The head of the joint headquarters of the United States confirmed the support of Ukraine in a conversation with the Commander-in-Chief of the Armed Forces of Ukraine

The head of the joint headquarters of the United States confirmed the support of Ukraine in a conversation with the Commander-in-Chief of the Armed Forces of Ukraine

US Chief of Staff reaffirmed support for Ukraine in conversation with Commander-in-Chief of the Armed Forces of Ukraine

Chairman of the Joint Chiefs of Staff of the US Armed Forces, General Mark A. Milley (file photo)   The head of the US Joint Staff confirmed Ukraine's support in a conversation with the Commander-in-Chief of the Armed Forces of Ukraine

The commanders of the United States and Ukraine exchanged views by phone on the current state of the war in Ukraine amid reports of new shelling of civilian targets by Russia, as a result of which Ukrainian civilians continue to die

Dave Butler, spokesman for the Joint Committee, reported on a telephone conversation that took place on Friday between the Chairman of the Joint Chiefs of Staff of the US Armed Forces, General Mark Milley, and the Commander-in-Chief of the Armed Forces of Ukraine, General Valery Zaluzhny.

Butler said the two countries' chiefs of staff discussed Russia's unprovoked and ongoing invasion of Ukraine and exchanged views and assessments. The senior US general reaffirmed his “unwavering support for Ukraine's sovereignty and territorial integrity” to his colleague.

“Ukraine is a key NATO partner and is firmly committed to national sovereignty and democratic principles,” the Joint Committee spokesman said in a statement.

Attacks on trains in Ukraine may be considered war crimes

The talks came after an artillery attack on Chaplino, a small village in southeastern Ukraine, by Russian forces last Wednesday.

A train station was targeted, killing more than 20 people . This attack is the latest in a series of strikes by Russian troops on the country's railway system. According to many experts in the field of international law, such strikes can be considered war crimes.

“A train station is generally a civilian facility and should not be targeted,” said Jennifer Trahan, a professor at New York University's Center for Global Affairs.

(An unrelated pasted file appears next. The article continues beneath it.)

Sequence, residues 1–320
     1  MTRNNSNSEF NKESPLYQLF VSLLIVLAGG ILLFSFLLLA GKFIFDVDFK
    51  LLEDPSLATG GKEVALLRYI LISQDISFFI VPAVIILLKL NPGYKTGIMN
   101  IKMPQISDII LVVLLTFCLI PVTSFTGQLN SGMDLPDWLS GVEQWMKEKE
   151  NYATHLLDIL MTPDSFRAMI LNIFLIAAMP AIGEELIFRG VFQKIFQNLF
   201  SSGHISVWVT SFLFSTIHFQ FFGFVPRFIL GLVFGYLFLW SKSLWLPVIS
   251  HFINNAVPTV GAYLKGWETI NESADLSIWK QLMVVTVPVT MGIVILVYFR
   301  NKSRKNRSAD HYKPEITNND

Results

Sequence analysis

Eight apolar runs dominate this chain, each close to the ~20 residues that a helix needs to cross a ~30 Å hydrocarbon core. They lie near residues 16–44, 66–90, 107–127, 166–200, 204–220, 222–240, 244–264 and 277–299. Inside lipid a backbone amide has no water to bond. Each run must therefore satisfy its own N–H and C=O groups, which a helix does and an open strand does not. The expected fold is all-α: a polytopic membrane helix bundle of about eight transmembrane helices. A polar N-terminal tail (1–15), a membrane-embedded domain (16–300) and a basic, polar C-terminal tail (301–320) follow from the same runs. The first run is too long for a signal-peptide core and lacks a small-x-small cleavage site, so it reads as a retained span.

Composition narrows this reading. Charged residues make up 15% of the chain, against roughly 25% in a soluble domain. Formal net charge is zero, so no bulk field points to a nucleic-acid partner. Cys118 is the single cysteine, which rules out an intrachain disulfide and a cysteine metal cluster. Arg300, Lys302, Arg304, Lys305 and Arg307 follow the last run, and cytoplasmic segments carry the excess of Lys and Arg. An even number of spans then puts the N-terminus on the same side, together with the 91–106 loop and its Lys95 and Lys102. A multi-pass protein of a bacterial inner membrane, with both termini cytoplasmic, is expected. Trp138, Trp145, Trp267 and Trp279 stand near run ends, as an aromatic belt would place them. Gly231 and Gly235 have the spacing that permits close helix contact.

Deputy Head of the Office of the President of Ukraine Kyrylo Tymoshenko said on Thursday that an 11-year-old boy died under the rubble of a neighboring house, and a 6-year-old child died as a result of a car fire near the station.

Tatyana Kvitnitskaya, deputy head of the Dnepropetrovsk regional health department, said that many victims of the Russian strike on Wednesday received craniocerebral injuries, broken limbs, burns and shrapnel wounds.

“There is no such war crime that the Russian invaders have not yet committed on the territory of Ukraine,” President of Ukraine Volodymyr Zelensky said Wednesday in a speech to the UN Security Council.

While Moscow began to claim that the train was targeted because it allegedly carried Ukrainian troops and equipment on Wednesday, witnesses of the incident say they did not notice any visible signs that Ukrainian servicemen were among the dead.

The Russian Ministry of Defense stated that an Iskander missile was used to carry out the strike, and that 200 reservists were allegedly “destroyed on the way to the combat zone.”

Even if there were some among the dead servicemen, the attack still violates the laws of war, as it caused disproportionate damage to the civilian population of Ukraine, experts in the West say.

“If you're going to kill a small number of military personnel and kill a large number of civilians, that's a war crime,” said Michael Newton, professor at Vanderbilt University School of Law.

“Iskander missiles are expensive missiles with precision guidance, and they are not used for trivial tasks,” said Frank Ledwidge, a former British military intelligence officer. on high alert due to threats that Russia will use this opportunity to organize attacks.

In the six months since Russia's invasion of Ukraine, experts have collected independent evidence of 39 attacks by the Russian army on civilian infrastructure, which could be considered war crimes. Three of these attacks targeted the country's railway infrastructure and proved particularly deadly, causing the deaths of over a hundred civilians.